HE’S the man sitting upright in bed. With the big ears and hope-filled eyes. He’s lost some weight. A little thinner around the cheeks than he once was. His short hair now peppered with grey. His name is Juan Carlos Pajon. A man whose body was literally opened up by a vehicle that struck him 7 weeks ago. And I say “him” because Carlos was exposed. He was outside his vehicle, having just swapped a flat tire for a spare when the vehicle struck him at speeds upward of 80 mph.
But all that’s history now. See logic was defied today. Well actually, it was defied the night of the accident. That night, while Carlos lay splayed out on the ground, cars screaming by his mangled body on the side of freeway, his internal organs exposed, angels held onto his soul long enough for two off-duty police officers and the paramedics to arrive. Today, seven weeks later, as I park my car in the hospital garage, on my way to see my friend, I come to learn that Juan Carlos Pajon is being discharged, on his way home.
Every Saturday, I have a routine that consists of recreational basketball (pick-up ball) at a gym that just so happens to be a hop skip and a jump from the hospital that Carlos was admitted to. The games at this gym are chaotic. A mixture of guys who’ve played before and those who come in wearing tennis shoes and metaphorically speaking- muddy up the game. Some weekends a new group of guys with some basketball acumen will show up and make the games more interesting. But most Saturdays, it’s a jungle. Today was no different.
At about 12:25-ish, the time when I lost the second of two games, a fellow and I got into a little scuffle. We were yapping at each other the entire time. This fellow is the kind of guy who doesn’t play ball, but who is an extreme hustler. An annoying, athletic individual who doesn’t take basketball seriously. Anyway, as players cleared the court, he and I locked eyes. With his stare came this little smirk that immediately found its way under my skin. It enraged me and I hurled an expletive that drifted across the court into his ears. Stunned and angry, he looked over at me, more seriously and said, “Bro, don’t you call me that!” I replied, “Don’t be a b#tch and call weak fouls then!” He looked at me and I took my shirt off, ready to go, but for some reason our emotions just kind of– washed out.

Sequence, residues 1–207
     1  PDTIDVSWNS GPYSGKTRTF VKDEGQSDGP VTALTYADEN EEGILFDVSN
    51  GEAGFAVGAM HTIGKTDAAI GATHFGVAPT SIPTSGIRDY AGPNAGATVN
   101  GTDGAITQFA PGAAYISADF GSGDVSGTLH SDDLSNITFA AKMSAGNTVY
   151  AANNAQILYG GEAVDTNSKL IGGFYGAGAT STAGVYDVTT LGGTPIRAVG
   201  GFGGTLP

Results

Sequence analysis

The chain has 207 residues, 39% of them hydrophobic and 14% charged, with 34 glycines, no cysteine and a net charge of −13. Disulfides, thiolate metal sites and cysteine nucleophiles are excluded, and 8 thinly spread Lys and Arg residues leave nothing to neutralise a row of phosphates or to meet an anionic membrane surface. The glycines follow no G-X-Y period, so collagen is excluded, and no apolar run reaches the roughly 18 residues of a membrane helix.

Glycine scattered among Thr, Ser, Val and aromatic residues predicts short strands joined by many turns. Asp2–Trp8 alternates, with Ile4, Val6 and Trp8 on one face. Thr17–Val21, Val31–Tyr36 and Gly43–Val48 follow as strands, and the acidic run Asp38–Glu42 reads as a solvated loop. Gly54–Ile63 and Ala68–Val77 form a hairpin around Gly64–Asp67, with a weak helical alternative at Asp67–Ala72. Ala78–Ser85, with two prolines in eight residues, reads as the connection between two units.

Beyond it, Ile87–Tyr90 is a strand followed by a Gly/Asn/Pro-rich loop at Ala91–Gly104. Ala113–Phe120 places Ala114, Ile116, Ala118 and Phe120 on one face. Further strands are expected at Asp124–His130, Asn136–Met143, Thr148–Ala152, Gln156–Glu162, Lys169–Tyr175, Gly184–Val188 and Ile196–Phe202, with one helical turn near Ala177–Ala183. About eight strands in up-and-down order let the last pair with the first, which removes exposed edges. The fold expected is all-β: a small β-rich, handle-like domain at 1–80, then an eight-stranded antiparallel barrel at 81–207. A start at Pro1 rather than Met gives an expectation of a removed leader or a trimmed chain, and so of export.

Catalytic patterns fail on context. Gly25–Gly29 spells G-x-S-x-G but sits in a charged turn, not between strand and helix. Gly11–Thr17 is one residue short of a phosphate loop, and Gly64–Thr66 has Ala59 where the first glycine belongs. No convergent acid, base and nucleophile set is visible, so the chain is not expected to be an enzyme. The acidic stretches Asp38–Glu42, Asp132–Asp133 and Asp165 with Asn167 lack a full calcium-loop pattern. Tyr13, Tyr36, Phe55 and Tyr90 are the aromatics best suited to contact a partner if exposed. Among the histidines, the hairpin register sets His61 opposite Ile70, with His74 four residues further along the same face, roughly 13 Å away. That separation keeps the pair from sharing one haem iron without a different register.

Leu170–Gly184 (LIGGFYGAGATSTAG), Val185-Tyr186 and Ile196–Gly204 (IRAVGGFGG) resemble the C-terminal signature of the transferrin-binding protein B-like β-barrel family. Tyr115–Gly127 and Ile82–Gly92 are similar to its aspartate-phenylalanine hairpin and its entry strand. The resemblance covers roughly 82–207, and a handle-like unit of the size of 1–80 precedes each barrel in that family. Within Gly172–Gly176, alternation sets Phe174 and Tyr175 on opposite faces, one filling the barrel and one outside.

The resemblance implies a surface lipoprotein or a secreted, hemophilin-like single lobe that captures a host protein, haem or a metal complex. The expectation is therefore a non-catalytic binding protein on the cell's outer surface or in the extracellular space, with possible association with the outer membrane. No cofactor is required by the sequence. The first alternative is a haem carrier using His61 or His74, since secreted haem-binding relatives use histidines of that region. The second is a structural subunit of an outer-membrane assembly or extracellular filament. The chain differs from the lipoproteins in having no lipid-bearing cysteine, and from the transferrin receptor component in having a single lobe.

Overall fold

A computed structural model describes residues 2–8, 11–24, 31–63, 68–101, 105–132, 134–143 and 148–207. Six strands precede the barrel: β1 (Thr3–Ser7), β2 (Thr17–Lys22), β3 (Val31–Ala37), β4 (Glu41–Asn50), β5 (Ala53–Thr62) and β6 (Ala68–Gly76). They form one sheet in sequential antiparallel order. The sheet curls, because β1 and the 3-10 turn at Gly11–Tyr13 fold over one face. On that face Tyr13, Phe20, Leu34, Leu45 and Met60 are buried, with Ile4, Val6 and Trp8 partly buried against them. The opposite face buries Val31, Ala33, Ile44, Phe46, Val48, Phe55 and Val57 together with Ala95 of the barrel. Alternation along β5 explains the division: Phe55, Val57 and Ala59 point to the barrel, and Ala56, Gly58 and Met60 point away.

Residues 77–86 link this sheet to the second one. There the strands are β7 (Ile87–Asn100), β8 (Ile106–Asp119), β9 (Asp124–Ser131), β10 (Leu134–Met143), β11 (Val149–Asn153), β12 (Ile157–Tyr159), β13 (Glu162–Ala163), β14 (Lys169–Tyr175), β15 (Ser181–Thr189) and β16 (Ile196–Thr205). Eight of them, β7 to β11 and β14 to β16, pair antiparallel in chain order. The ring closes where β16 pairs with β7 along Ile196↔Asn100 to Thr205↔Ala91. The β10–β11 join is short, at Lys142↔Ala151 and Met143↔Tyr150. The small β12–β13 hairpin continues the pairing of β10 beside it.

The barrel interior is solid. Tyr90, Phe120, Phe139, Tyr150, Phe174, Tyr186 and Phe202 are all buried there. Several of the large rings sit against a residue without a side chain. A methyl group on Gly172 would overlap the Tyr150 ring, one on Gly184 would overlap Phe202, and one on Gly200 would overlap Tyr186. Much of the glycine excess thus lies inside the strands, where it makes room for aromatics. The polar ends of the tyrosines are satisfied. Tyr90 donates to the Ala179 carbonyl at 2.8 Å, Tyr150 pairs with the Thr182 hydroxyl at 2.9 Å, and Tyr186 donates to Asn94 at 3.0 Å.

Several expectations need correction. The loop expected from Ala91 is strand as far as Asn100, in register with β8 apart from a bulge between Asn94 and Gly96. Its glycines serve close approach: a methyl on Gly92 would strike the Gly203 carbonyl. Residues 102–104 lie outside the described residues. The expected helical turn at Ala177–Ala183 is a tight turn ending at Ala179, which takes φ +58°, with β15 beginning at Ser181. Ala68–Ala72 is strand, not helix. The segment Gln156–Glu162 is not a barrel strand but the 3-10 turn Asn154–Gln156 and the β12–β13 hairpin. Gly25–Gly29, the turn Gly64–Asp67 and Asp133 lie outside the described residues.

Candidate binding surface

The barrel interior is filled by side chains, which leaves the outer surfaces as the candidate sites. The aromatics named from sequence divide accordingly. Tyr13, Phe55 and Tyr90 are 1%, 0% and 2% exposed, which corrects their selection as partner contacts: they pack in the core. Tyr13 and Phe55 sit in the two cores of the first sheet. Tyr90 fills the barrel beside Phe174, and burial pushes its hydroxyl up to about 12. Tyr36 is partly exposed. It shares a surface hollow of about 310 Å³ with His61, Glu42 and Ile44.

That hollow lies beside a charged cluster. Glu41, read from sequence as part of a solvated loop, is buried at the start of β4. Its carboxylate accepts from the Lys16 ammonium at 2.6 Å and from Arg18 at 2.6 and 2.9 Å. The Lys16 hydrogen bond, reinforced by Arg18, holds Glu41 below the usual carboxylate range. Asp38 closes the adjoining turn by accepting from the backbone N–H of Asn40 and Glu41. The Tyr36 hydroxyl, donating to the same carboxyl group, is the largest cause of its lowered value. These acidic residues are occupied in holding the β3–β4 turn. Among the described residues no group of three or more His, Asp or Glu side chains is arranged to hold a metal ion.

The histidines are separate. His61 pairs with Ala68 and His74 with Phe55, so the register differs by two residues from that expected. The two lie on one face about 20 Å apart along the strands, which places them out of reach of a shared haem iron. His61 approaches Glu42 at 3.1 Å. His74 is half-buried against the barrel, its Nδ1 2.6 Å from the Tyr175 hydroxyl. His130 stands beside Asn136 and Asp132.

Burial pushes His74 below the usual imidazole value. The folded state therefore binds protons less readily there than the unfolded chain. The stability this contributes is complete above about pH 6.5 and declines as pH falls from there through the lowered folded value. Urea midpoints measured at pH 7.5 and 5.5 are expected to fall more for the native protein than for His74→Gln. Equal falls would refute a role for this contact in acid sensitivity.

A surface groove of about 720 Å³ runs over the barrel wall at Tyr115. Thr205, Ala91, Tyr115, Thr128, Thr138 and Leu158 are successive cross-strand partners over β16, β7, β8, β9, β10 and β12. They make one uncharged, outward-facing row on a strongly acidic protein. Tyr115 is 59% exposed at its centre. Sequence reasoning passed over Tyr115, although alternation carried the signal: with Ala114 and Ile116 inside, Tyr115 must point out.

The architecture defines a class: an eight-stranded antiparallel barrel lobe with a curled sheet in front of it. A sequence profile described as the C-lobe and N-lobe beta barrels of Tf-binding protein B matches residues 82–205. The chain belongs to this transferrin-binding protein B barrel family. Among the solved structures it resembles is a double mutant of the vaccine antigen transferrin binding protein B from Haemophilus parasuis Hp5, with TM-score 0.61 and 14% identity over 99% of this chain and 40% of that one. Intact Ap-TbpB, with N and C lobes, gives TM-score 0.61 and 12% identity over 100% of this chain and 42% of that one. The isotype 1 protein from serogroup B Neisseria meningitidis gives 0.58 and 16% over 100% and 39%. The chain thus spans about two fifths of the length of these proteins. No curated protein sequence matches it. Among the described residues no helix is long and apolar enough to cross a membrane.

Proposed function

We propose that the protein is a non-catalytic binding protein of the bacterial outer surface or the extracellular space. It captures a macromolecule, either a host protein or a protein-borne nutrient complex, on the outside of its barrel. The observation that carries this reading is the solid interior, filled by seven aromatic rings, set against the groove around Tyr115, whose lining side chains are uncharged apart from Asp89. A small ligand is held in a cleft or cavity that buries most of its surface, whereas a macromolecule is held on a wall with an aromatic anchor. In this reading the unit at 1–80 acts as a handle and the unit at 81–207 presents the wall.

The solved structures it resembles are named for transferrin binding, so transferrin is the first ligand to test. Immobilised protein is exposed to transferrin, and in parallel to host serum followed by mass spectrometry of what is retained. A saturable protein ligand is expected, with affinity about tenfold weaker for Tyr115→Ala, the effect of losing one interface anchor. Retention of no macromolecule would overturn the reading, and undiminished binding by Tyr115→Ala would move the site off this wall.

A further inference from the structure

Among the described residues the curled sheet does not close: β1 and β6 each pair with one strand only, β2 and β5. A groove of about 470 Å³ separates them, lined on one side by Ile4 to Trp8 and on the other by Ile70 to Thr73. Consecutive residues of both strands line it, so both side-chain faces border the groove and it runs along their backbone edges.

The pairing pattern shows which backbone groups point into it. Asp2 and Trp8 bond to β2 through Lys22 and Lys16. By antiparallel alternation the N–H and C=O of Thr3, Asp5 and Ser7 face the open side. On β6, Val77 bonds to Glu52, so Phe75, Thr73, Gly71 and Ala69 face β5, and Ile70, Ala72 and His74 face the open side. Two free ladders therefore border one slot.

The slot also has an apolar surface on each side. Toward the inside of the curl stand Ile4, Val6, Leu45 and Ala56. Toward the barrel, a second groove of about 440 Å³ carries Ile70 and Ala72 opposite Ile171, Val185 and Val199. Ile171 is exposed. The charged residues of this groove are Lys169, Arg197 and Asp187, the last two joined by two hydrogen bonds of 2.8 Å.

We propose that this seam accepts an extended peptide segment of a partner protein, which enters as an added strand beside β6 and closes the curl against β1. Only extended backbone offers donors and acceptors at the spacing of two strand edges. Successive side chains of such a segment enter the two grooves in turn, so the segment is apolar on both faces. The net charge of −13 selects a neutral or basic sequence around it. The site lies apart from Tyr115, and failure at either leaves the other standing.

I was absolutely livid. I charged toward the exit doors. On the way out, the manager of the gym told me to put my shirt on, which I ignored. My mind was somewhere else. I found a bench and sat outside for a while under a tree. People were coming and going, avoiding any and all eye contact with me. One look and you could see that something was not right inside.
About twenty-five minutes later I put my shirt back on and drifted back inside the gym, heading straight for the showers. There’s something about water that frees the mind. Often when I’m stuck creatively, I’ll take a random shower and immediately the drops of water become a stream of clarity showering over me. Water not only cleans the body but it also, at least I believe, purifies the soul.
With the water running down over me, I thought about the toxicity that found its way out through my mouth. I didn’t like it. It made me feel weak. I thought about how I was going to be able to write with this feeling permeating my soul. Certainly the anger I held in my heart would cloud my sight. I considered apologizing but then that other side of me; the detached, aggressive “I’m a man Cot damnit” side quickly thwarted that idea.
I stepped out of the shower as some other players walked in heated, spewing out one expletive after another. Apparently, their game didn’t go so well. And that’s when it hit me. At that moment, I knew I needed to make “it” right. There’s a real, serious problem within a man who can hear his soul trying to communicate with him, yet he still refuses to listen.
I quickly got dressed, ran out of the locker over to the basketball court, found the fellow and apologized to him. He was sitting on the ground when I found him and he rose to his feet to accept my apology. “Nah man, I’m sorry. It’s my fault,” he’d say. “No, no, no. It’s my fault. I shouldn’t have said what I said. I was stupid. No way to behave. I’m sorry, “ I then replied. This back and forth of us blaming ourselves went on for about a minute. It ended with us looking each other in the eyes and embracing one another.
What I’m getting at is, without a soul, you’ll die. Period. If your soul is dark, that darkness will eat you away bit by bit and rob you of a beautiful life. A life we all deserve to live. It was Carlos’s beautiful, other wordly soul that saved his life. Of course, there are people with beautiful souls that have their lives cut short everyday, but there are also those who should have lived through whatever adversity, yet did not due to the poison lingering within them, within their soul. There is nothing more important, more vital to living a life, than maintaining a decent soul.